But as he grew, he also noticed that he did not look like his parents. Aaron was biracial, but his parents were white. When Aaron was about ten, he asked them about it. Wayne and Patty told Aaron that both he and John had been adopted. “I was fine with it,” he said many years later. “It really didn’t bother me because [they’re] the only parents I’ve known.” Aaron said that after they had that talk, he went right out to play!

Later, Aaron said he felt being adopted made him appreciate his parents even more. “I have one set of parents, the ones that raised me. Some kids grow in their mom’s stomach; I grew in my mom’s heart.”

Meanwhile, Aaron learned a lot about sports from his father. Along with being a teacher, Wayne was the Linden High School basketball coach. Aaron often went to practices to help out as a ball boy. Being around older players helped shape Aaron’s ideas about the game. He saw the hard work that Wayne’s teams put in. He also had fun when they let him take some shots. In middle school, Aaron was six feet tall, bigger than some of the high-­school players!

By the time he reached high school himself, Aaron was more than six feet, three inches tall and still growing. He joined the Linden High School Lions teams for basketball, baseball, and football, and became a star for all three sports. Though Wayne was no longer the basketball coach, Aaron excelled, using his height to set scoring records. As a senior, he averaged 18.2 points per game and was named to an all-­state team. In football, Aaron’s size made him a great receiver. He was able to leap above opponents or use his strength to break tackles. He set a school record with 17 touchdowns in his final season.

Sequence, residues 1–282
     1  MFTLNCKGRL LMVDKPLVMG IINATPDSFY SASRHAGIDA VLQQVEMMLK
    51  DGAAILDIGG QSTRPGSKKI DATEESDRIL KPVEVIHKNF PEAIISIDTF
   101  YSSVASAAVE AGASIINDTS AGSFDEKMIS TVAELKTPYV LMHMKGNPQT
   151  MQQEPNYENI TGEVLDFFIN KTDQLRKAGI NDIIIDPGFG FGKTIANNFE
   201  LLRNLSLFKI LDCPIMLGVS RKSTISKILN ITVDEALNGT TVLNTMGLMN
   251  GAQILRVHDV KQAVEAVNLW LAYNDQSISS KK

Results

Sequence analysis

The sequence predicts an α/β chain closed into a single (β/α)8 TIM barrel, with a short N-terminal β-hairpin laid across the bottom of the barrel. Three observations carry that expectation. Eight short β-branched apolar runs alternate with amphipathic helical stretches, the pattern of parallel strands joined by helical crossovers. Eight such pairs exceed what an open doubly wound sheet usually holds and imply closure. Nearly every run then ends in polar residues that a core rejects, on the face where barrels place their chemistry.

Aaron enjoyed baseball more than the other sports. He mostly played first base, but he also pitched for the Lions. As a hitter, his batting average topped .500, which means he got a hit at least every other official at ­bat. He began crushing long home runs, some that his coaches said went five hundred feet or more! Opposing teams often just walked Aaron rather than give him a chance to hit another homer. Aaron’s focus on working hard continued, even as he excelled. His high-­school coaches remember that after almost every game, win or lose, Aaron asked to take extra batting practice to work on his swing.

While he was at Linden High, Aaron also began a lifetime habit of helping out. He and his basketball teammates would regularly pick up trash around the community.

With so much athletic talent, Aaron was recruited by colleges in all three sports, especially for football. Powerhouse schools like the University of Notre Dame and UCLA offered him scholarships. “I thought about going the football route,” Aaron said later. “But I saw myself having fun playing baseball for the rest of my life.”